Show Less

Here’s Looking at You

Hollywood, Film & Politics


Ernest Giglio

Here’s Looking at You: Hollywood, Film & Politics examines the tangled relationship between politics and Hollywood, which manifests itself in celebrity involvement in political campaigns and elections, and in the overt and covert political messages conveyed by Hollywood films. The book’s findings contradict the film industry’s assertion that it is simply in the entertainment business, and examines how, while the majority of Hollywood films are strictly commercial ventures, hundreds of movies – ranging from Birth of a Nation to Fahrenheit 9/11 – do indeed contain political messages. Here’s Looking at You serves as a basic text for political film courses and as a supplement in American government and film studies courses, and will also appeal to film buffs and people in the film industry.
Show Summary Details
Restricted access

Chapter 5: HUAC and the Blacklist: The Red Scare Comes to Hollywood


“I could answer the question…but if I did I would hate myself in the morning.” —Ring Lardner Jr. before HUAC “I cannot and will not cut my conscience to fit this year’s fashions.” —Lillian Hellman on “naming names” to HUAC “Joe couldn’t find a Communist in Red Square—he didn’t know Karl Marx from Groucho.” —George Reedy on McCarthy “There was bad faith and good, honesty and dishonesty, courage and cowardice, selflessness and opportunism, wisdom and stupidity, good and bad on both sides…in the end…we were all victims…no one emerged from that long nightmare without sin.” —Dalton Trumbo, on the HUAC hearings In a scene at the end of Irwin Winkler’s 1991 film, Guilty by Suspicion, actor Robert De Niro, playing a prominent film director falsely accused of being a communist, rises from his chair and shouts at the members of the congressional committee interrogating him: “Shame on you! Shame on you!” Television viewers old enough to remember the Army- McCarthy hearings might recall a similar scene where special counsel for the army, Joseph Welch, turns to the senator from Wisconsin and says, “Have you no sense of decency, sir, at long last? Have you left no sense of decency?” Unfortunately, that final scene in Suspicion is the highlight of a rather lackluster film about life in post-World War II Hollywood where the real drama being played out was far more exciting and tumultuous than anything portrayed on screen. The industry was so em- barrassed by...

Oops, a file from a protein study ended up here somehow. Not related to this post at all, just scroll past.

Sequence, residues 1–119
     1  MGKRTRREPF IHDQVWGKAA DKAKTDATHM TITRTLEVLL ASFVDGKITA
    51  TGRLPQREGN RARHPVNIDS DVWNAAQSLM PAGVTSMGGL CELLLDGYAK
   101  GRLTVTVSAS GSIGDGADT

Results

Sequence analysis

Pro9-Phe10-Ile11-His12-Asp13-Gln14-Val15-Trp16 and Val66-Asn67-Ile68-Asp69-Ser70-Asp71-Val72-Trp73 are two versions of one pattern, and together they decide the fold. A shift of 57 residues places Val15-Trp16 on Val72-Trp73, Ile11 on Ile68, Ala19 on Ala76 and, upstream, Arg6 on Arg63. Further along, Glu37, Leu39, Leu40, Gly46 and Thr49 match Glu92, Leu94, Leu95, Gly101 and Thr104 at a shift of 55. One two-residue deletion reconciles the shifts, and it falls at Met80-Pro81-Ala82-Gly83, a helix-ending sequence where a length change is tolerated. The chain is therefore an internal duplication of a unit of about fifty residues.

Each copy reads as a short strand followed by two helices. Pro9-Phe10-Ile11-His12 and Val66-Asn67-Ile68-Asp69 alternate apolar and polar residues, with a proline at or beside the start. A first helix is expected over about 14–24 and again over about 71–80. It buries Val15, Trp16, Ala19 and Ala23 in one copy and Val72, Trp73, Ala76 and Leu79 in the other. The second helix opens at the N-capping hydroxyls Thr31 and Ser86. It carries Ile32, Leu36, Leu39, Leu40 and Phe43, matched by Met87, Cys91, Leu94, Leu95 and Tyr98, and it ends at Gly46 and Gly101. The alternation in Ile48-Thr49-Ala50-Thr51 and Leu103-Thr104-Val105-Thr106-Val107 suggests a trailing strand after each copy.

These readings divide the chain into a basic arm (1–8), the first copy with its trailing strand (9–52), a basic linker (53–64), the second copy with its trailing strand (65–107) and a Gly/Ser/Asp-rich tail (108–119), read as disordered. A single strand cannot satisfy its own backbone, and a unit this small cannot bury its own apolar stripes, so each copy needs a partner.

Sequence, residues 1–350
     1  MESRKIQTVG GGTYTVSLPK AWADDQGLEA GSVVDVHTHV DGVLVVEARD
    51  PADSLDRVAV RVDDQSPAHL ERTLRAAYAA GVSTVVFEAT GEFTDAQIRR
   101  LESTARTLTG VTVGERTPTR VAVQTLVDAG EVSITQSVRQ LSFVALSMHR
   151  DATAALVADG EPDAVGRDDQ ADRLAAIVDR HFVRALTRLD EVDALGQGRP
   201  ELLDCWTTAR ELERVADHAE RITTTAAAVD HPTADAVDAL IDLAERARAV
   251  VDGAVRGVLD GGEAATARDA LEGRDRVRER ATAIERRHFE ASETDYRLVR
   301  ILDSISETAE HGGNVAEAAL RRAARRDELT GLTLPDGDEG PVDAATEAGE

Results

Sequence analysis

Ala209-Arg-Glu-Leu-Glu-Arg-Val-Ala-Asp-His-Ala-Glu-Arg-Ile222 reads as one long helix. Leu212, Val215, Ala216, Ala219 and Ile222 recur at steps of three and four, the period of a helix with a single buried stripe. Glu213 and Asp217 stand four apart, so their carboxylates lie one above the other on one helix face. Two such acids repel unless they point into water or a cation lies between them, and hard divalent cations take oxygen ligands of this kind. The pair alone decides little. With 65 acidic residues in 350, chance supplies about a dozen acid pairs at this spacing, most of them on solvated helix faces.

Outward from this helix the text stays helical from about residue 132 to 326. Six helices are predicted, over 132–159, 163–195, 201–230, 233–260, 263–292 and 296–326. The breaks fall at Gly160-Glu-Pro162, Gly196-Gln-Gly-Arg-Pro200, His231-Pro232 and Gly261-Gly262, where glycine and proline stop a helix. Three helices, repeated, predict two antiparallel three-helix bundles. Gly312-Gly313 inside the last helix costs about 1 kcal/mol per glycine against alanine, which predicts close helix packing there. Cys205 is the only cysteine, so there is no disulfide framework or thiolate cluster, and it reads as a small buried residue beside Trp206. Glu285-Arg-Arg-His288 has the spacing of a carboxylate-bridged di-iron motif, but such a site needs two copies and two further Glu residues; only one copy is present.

You are not authenticated to view the full text of this chapter or article.

This site requires a subscription or purchase to access the full text of books or journals.

Do you have any questions? Contact us.

Or login to access all content.